Writer: John Byrne
Director: Caroline Paterson
Reviewer: R G Balgray
Successful sequels are difficult to achieve and when you look at any trilogy, the “middle” piece can often seem like the runt of the litter. That said, the Citizens team manages to blow up a storm in their new production of Cuttin’ a Rug, the second of John Byrne’s Slab Boys Trilogy.
Once more the audience follows the trials of Phil and Spanky from the slab room of the Stobo &Co Carpet Factory in Paisley. However, the play follows pretty directly on from Phil being sacked and covers the events at the annual staff “do” (which he attends). Since it’s still the 1950s, you might expect the rawness and vitality of their double-act schtick simply to transfer to their social life milieu. But it doesn’t quite work out that way. While their irreverence and humour still features in Cuttin’ a Rug, as they drink away troubles, bicker and banter, and chase the ideal chat-up line, the character-driven aspect of the sequel seems to originate with the female leads, particularly Helen Mallon and Louise McCarthy as Lucille and Bernadette – also from Stobo’s, but here sharpening their teeth as ballroom floor barracudas. Their rivalry – seemingly from before primary school – is scored in every harsh judgment on their present partners, every last put-down (and there are many – some perhaps reaching the Richter scale); and in each’s attempts to double-cross the other.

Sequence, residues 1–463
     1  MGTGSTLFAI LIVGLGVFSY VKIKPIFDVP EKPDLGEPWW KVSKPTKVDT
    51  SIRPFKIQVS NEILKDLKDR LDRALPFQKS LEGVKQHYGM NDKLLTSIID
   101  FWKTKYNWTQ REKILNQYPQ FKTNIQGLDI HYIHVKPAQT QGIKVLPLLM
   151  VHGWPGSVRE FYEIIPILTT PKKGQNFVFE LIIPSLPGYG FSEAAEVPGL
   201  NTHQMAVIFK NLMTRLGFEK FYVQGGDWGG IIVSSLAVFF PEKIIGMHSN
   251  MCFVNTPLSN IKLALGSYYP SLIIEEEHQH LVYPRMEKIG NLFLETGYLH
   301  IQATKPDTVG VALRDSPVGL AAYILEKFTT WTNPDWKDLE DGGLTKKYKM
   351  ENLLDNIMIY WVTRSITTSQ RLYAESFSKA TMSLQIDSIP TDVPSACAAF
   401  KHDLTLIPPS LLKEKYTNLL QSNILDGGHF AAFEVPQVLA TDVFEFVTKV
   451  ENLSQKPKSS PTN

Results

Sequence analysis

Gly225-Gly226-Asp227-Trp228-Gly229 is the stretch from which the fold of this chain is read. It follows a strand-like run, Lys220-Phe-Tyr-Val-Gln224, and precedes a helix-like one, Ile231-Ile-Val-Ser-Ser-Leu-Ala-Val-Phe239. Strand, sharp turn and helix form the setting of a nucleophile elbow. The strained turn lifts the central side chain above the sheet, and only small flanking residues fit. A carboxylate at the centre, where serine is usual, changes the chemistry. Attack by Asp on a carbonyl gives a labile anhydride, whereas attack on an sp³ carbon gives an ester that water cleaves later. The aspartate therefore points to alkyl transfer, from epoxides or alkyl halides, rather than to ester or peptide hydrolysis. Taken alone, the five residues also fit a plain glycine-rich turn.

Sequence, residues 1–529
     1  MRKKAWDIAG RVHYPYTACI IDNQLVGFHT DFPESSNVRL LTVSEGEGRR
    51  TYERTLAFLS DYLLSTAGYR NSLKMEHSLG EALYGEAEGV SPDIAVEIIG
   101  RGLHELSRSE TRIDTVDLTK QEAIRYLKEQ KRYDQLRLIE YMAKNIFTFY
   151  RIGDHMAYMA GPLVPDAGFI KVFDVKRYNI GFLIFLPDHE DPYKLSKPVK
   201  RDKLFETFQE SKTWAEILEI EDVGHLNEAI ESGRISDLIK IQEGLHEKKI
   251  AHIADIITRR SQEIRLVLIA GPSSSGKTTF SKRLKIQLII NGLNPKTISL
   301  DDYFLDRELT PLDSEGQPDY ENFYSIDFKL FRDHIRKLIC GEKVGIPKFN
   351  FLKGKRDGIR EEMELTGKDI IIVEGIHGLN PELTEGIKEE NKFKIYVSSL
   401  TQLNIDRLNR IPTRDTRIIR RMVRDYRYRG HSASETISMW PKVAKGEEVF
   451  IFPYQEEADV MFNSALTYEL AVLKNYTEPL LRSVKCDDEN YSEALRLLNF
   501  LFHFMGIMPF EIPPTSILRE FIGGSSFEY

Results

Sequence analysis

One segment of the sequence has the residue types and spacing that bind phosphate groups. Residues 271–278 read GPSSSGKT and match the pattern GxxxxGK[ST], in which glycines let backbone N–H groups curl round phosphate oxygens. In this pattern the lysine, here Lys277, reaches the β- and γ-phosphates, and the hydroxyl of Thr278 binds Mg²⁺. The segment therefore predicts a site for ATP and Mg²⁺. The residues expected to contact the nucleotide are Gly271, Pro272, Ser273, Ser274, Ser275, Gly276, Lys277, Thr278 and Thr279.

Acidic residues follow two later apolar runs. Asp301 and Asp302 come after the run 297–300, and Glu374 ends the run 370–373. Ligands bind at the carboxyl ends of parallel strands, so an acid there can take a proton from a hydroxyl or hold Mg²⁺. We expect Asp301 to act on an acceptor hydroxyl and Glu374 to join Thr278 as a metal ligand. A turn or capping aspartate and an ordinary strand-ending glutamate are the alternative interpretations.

However, while this drives much of the action, the most compelling feature of the production is much less its content than its style. The initial set – all mirror tiles and fluorescent lights – locates the cast’s last-minute preparations: cue pouting, lipstick application, and comparison and criticism of some pretty enlarged quiffs and cockatrices. Postures are struck, and plans laid. Just in case we miss the core message, back projections of what must be John Byrne’s original costume design drawings make the point- image is the key. But underwriting all this superficial gloss comes some terrific backtrack music from that golden age of early rock and roll. It’s so compelling that it is easy to go along with them, and to understand Phil and Spanky’s obsession with “the look”, and the hair (as preening, super-inflated, flawed egos, Ryan Fletcher and Paul-James Corrigan suitably grab the limelight here). When the reality of the “do” itself overtakes them in the second half, and illusions bump up against reality, due reward is drawn from its many farcical possibilities. For most of the characters, the situation may be hopeless – but it’s not really serious.
Runs until 4 March 2017 | Image: Contributed